JDJ: What are the various test statistics and matrices provided by ParaSoft JTest? Do you deliver the test results, statistics and matrices output to the customer as part of the final deliverable? Is there an auditing process that ensures CodeMarket's accountability concerning the testing process?
Mitchell: ParaSoft's JTest provides a comprehensive suite of analytics and test outputs. Information about JTest is available at www.parasoft.com. Clients receive all test reports with the delivered code. The delivery of the JTest reports establishes that testing has been completed and the code meets the specified requirements.
JDJ: Do the components outsourced to CodeMarket for development need to be self-contained, or can they have dependencies on the customer's own components?
Mitchell: The issue of what makes a good CodeMarket project is an interesting one. Clearly some work is better suited to outsourcing than others. For instance, code that's proprietary or is part of the core competitive advantage of a company is probably not something you want to outsource over the Internet. Similarly, a project that requires access to specific large or difficult-to-duplicate resources (like a robotics controller for an assembly line) are not great candidates for outsourcing. CodeMarket doesn't expressly prevent someone from listing such a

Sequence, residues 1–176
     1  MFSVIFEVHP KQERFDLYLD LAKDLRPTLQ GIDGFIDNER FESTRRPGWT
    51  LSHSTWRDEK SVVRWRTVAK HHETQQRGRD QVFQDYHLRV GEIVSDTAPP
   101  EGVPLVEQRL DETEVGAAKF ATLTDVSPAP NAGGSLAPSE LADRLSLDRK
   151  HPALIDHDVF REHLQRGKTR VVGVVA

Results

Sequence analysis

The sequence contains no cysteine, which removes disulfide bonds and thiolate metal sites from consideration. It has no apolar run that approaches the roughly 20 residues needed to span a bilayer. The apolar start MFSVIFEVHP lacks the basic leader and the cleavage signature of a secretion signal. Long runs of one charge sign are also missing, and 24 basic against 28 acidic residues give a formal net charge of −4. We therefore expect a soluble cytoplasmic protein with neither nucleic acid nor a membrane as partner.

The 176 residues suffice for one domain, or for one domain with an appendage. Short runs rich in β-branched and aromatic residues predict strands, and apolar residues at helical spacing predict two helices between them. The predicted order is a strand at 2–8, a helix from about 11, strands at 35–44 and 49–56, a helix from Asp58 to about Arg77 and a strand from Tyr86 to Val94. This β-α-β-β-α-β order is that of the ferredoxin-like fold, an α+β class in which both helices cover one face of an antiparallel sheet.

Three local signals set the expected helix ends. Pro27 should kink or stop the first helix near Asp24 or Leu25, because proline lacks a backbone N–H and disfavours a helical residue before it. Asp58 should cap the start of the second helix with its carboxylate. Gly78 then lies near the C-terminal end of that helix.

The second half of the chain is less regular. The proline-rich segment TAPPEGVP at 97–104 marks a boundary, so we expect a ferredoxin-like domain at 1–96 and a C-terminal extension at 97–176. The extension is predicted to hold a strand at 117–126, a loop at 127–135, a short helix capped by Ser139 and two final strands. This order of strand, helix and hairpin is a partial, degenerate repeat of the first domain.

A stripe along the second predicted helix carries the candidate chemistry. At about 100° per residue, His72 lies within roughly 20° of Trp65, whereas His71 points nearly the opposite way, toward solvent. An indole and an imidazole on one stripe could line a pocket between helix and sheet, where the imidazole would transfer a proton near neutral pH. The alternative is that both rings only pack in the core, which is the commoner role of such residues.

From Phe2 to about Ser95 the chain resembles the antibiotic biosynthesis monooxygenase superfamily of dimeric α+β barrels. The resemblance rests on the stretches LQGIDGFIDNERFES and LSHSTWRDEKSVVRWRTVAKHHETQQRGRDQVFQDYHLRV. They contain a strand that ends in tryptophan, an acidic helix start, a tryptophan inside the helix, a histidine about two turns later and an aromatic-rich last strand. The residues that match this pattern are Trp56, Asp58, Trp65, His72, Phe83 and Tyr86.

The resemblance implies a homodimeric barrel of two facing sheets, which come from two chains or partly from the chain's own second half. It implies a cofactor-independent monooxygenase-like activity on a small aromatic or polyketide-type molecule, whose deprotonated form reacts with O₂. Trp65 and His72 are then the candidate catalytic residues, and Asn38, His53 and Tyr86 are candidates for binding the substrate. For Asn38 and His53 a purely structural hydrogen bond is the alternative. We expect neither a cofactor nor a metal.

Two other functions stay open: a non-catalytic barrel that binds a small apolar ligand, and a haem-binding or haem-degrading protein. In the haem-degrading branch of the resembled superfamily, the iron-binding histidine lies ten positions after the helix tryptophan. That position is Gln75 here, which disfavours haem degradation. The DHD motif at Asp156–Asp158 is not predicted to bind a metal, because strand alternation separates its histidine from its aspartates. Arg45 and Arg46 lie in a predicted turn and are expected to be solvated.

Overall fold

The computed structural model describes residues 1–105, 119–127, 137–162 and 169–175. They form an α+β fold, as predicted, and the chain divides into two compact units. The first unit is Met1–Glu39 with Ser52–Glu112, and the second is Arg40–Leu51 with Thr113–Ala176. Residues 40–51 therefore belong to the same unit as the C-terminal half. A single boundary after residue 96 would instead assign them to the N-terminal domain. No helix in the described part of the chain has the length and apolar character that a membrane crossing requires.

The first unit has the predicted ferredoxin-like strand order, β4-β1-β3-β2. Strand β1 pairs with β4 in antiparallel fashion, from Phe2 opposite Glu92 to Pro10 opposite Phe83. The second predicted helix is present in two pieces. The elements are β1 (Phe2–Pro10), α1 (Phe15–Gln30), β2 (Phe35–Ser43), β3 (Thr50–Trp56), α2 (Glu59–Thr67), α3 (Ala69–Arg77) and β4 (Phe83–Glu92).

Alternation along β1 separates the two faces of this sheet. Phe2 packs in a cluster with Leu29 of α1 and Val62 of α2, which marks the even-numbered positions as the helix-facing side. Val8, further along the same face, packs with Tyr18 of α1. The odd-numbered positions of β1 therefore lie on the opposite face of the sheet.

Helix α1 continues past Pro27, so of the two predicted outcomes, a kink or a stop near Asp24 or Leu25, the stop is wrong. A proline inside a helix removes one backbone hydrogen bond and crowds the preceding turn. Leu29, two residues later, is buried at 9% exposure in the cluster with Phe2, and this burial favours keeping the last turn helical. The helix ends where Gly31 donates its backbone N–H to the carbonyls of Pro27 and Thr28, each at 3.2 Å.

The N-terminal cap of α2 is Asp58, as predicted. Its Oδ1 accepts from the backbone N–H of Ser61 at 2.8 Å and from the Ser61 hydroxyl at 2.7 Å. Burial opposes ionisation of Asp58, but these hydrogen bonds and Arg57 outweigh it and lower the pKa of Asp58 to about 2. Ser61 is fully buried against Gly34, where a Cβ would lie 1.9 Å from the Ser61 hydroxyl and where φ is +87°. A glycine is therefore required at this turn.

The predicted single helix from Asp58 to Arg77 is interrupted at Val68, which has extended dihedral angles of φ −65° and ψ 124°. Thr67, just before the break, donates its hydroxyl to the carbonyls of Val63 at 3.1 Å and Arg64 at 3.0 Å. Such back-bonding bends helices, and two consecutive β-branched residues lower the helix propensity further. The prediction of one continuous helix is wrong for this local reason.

project but, as with any tool, CodeMarket works best on tasks for which it was designed. CodeMarket is the best way to develop fixed-cost, unit-tested loosely coupled Java components.
JDJ: As CodeMarket develops these components and ships them to its customers, what happens with component-integration testing? Is that the responsibility of the customer? What does CodeMarket do to ensure component-dependency resolution and interoperability with customer-developed components?
Mitchell: After a registered freelance developer (www.codemarket.com/reg.jsp) submits code to us and we unit test it, the code is delivered to the buyer, who's responsible for application integration and further testing. Studies by the prestigious Software Engineering Institute indicate that unit testing reduces the cost of integration and system testing dramatically by eliminating structural faults at the unit level.
JDJ: How is the ParaSoft JTest tool going to help CodeMarket define standards of completeness and operability?
Mitchell: JTest provides an objective standard for completeness and operability. It's that objectivity that's most valuable to buyers and developers. By establishing a standard level of quality and having that standard monitored and enforced by an independent third party, both developers and buyers are protected and empowered to produce excellent software.
JDJ: What are the additional types of testing services you provide as part of your component delivery contract?
Mitchell: In addition to JTest testing, CodeMarket allows developers to attach guarantees to their code. If after delivery the buyer is dissatisfied, CodeMarket will arbitrate any dispute that might arise. This gives buyers another measure of confidence in the process and lets developers, who know their code is good, charge a premium for the buyers' added peace of mind.
Israel Hilerio is a member of a leading e-commerce firm in Dallas, Texas, focusing on Web-based e-commerce applications and new architectures. He can be contacted at: [email protected]